LOS ANGELES – The “MVP! MVP! MVP!” chants started at Dodger Stadium late Friday night, Cubs fans celebrating Kris Bryant’s two-run homer in the 10th inning and cheering on this entertaining comeback win.

Until Clayton Kershaw returns to full strength, stares down hitters from 60 feet, six inches and unleashes his entire arsenal, it’s impossible to know how the Cubs would stack up against Los Angeles in October. But it’s still safe to say this would be an epic playoff matchup between two big-market, star-studded franchises, with two iconic ballparks becoming the backdrop, celebrity row after celebrity row.

As a quiet homebody who happens to have his own billboards and marketing deals – but doesn’t do bulletin-board quotes or brag about his game – Bryant is not exactly a Hollywood personality. But this is also a goal-oriented individual who doesn’t shy away from the pressure and the expectations and absolutely wants to be the best at his craft.

The Cubs won this round with Bryant, who launched his 34th and 35th home runs in a 6-4 victory, an MVP-worthy season becoming the sequel to his Rookie of the Year campaign.

“It’s humbling,” Bryant said. “You grow up hearing that kind of stuff on TV. To experience it in real life is pretty cool.”

It became hard to hear Bryant inside the visiting clubhouse, because teammates chanted “MVP!” and sung along with Snoop Dogg and Dr. Dre as “Nuthin But a G Thang” played on the sound system. But for most of the night, it looked like it would be a silent room postgame as the resilient Dodgers took 3-1 and 4-2 leads.

Until the eighth inning, when Bryant launched a home run off Joe Blanton that landed in the center-field seats blocked off for the batter’s eye. And then the ninth inning showed why manager Joe Maddon will want Gold Glove outfielder Jason Heyward in a playoff lineup.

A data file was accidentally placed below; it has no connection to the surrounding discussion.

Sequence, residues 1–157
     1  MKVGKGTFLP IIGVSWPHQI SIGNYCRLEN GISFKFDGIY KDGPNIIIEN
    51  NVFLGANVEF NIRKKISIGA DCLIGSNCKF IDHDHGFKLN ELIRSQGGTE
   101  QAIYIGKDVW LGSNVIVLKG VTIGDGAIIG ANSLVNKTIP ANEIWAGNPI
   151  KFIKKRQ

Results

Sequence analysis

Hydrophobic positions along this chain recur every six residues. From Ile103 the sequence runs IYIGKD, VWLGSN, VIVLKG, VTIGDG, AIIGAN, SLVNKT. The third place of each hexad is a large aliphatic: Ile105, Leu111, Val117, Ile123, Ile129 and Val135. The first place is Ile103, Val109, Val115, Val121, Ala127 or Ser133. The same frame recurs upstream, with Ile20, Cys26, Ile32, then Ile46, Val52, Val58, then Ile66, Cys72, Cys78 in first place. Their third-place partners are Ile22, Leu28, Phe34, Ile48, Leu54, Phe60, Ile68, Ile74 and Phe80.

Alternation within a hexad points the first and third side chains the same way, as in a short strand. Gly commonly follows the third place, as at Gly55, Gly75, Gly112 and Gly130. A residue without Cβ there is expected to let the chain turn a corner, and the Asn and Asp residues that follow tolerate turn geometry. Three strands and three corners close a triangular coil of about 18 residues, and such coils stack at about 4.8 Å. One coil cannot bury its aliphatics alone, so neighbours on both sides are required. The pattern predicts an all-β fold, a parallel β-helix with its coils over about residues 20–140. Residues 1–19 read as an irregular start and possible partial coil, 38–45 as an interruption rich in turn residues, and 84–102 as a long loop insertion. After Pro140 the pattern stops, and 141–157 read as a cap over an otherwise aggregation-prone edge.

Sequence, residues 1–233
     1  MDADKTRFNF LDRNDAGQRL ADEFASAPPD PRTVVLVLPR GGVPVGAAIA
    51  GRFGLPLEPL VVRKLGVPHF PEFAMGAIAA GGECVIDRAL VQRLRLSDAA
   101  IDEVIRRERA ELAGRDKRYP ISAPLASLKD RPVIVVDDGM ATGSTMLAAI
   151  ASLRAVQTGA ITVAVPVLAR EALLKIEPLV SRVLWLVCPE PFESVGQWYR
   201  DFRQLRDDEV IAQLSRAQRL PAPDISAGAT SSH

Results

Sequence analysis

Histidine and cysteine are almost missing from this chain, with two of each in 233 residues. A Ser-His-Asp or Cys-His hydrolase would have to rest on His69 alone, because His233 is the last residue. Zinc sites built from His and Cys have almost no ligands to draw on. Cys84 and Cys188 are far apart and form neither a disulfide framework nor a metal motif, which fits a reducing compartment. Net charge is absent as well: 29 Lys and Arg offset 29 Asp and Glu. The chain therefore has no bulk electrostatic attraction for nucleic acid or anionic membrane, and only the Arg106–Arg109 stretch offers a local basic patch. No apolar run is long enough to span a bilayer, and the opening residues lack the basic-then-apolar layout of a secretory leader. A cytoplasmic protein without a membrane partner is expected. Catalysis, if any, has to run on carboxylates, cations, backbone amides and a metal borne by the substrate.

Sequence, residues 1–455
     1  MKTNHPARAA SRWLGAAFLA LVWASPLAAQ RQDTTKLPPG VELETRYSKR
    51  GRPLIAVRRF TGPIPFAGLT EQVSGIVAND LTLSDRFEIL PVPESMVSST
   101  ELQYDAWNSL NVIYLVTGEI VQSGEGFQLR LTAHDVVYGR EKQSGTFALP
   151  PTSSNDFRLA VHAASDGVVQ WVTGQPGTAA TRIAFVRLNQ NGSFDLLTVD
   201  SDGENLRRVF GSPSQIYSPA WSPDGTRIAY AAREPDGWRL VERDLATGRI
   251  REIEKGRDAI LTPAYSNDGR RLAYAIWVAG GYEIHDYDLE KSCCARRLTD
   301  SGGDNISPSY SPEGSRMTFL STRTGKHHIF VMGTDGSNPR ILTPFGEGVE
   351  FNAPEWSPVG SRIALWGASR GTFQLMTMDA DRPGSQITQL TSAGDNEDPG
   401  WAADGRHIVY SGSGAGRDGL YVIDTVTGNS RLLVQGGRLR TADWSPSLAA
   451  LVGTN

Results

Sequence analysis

In the middle of a frustrating offensive season where he’s felt the weight of a $184 million contract, Heyward led off by ripping a double into the right-field corner off Dodgers closer Kenley Jansen. Heyward hustled to third base when new Dodgers catcher Carlos Ruiz couldn’t handle strike three against Jorge Soler. Heyward ran home to score the game-tying run when a Jansen wild pitch sailed toward the backstop.

That set the stage for Bryant, who brought up the fielding error he made in the fifth inning during his postgame interview on Channel 7 after hitting the game-winning homer off lefty Adam Liberatore. All-Star first baseman Anthony Rizzo may set the tone in the clubhouse, but Bryant already brings tunnel vision and a high degree of professionalism to an 82-45 team, even at the age of 24. 

“He just doesn’t quit,” Heyward said. “He wants to be in every spot. He goes up there and has his at-bat – and that’s it.

“You can talk about why he’s been hitting the ball well, this and that, but he has a good approach. It’s that simple. Other than that, he works his tail off every day to try and go out there and help us win.

“When you have that gift – and you have that work ethic – the bottom line is a lot of good things can happen.”

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A resourceful $250 million team won’t fade away, even with Kershaw (back) not pitching for two months, one of 27 players the Dodgers have stashed on the disabled list, tying a major-league record. Los Angeles has cycled through 14 different starting pitchers, relying on depth, a powerful lineup and a strong bullpen to surge into first place and hold onto a one-game lead over the San Francisco Giants in the National League West.

“How about last year?” Maddon said. “We beat up on the Mets during the season, we go (into the playoffs) and we can’t even touch them. It’s such a different animal. People get hot or people get cold.

“I’m not going to diminish the fact I’m going to be paying attention. But things change. Trends can be so trendy, to quote Yogi. So I don’t get too far ahead, because things can change very quickly.”

Like Bryant going from a promising player with a few holes in his swing who looked worn down at times last season – to an MVP frontrunner with a .303 average, 89 RBI, 107 runs scored, a .982 OPS and the versatility to play third base, defensively shift across the infield and move to the outfield.

Kershaw vs. Bryant would be must-see TV in October.